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1 August 1990 Implementation of a high-resolution workstation for primary diagnosis of projection radiography images
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We designed and implemented a high-resolution video workstation as the central hardware component in a comprehensive multi-project program comparing the use of digital and film modalities. The workstation utilizes a 1.8 GByte real-time disk (RCI) capable of storing 400 full-resolution images and two Tektronix (GMA251) display controllers with 19" monitors (GMA2O2). The display is configured in a portrait format with a resolution of 1536 x 2048 x 8 bit, and operates at 75 Hz in a noninterlaced mode. Transmission of data through a 12 to 8 bit lookup table into the display controllers occurs at 20 MBytes/second (.35 seconds per image). The workstation allows easy use of brightness (level) and contrast (window) to be manipulated with a trackball, and various processing options can be selected using push buttons. Display of any of the 400 images is also performed at 20MBytes/sec (.35 sec/image). A separate text display provides for the automatic display of patient history data and for a scoring form through which readers can interact with the system by means of a computer mouse. In addition, the workstation provides for the randomization of cases and for the immediate entry of diagnostic responses into a master database. Over the past year this workstation has been used for over 10,000 readings in diagnostic studies related to 1) image resolution; 2) film vs. soft display; 3) incorporation of patient history data into the reading process; and 4) usefulness of image processing.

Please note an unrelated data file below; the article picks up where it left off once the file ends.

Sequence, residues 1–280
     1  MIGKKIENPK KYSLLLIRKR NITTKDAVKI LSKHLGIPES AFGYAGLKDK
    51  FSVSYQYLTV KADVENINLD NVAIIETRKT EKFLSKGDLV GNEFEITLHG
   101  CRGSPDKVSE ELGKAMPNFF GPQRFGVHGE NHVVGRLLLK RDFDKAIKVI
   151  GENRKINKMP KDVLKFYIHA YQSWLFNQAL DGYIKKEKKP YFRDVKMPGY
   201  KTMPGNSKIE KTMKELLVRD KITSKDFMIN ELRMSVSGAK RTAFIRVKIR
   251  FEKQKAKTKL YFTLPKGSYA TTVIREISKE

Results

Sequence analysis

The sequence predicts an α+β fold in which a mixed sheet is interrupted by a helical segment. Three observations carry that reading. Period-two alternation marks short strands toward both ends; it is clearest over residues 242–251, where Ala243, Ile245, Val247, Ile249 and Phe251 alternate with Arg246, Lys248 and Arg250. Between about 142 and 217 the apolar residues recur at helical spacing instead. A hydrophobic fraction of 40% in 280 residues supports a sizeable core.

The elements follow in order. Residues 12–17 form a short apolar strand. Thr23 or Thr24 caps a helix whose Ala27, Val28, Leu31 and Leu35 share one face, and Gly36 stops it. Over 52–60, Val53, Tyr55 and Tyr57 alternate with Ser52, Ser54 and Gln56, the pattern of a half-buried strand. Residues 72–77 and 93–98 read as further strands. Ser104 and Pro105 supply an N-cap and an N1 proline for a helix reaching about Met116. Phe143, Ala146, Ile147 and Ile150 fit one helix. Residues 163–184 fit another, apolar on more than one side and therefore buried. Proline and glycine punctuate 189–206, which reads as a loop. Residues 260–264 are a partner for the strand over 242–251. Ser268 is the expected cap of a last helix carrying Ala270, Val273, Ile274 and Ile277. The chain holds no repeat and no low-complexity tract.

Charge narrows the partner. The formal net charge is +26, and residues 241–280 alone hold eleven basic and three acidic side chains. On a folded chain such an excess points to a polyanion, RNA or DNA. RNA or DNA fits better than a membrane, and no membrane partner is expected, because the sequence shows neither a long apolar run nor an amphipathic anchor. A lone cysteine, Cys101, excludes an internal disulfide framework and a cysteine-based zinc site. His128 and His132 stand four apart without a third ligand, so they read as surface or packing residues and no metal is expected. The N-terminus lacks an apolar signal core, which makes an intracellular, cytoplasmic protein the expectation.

© (1990) COPYRIGHT Society of Photo-Optical Instrumentation Engineers (SPIE). Downloading of the abstract is permitted for personal use only.
Walter F. Good, John M. Herron, Glenn S. Maitz, David Gur, Stephen L. Miller, William H. Straub M.D., and Carl R. Fuhrman "Implementation of a high-resolution workstation for primary diagnosis of projection radiography images", Proc. SPIE 1234, Medical Imaging IV: PACS Systems Design and Evaluation, (1 August 1990);

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